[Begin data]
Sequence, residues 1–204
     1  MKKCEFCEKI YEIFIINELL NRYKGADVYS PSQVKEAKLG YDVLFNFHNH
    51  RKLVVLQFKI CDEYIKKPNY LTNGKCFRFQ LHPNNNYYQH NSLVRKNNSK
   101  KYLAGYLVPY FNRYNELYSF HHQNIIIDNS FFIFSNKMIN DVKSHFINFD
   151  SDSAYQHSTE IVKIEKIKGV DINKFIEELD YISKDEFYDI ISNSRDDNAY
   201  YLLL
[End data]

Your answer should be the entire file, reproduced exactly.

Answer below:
Sequence, residues 1–204
     1  MKKCEFCEKI YEIFIINELL NRYKGADVYS PSQVKEAKLG YDVLFNFHNH
    51  RKLVVLQFKI CDEYIKKPNY LTNGKCFRFQ LHPNNNYYQH NSLVRKNNSK
   101  KYLAGYLVPY FNRYNELYSF HHQNIIIDNS FFIFSNKMIN DVKSHFINFD
   151  SDSAYQHSTE IVKIEKIKGV DINKFIEELD YISKDEFYDI ISNSRDDNAY
   201  YLLL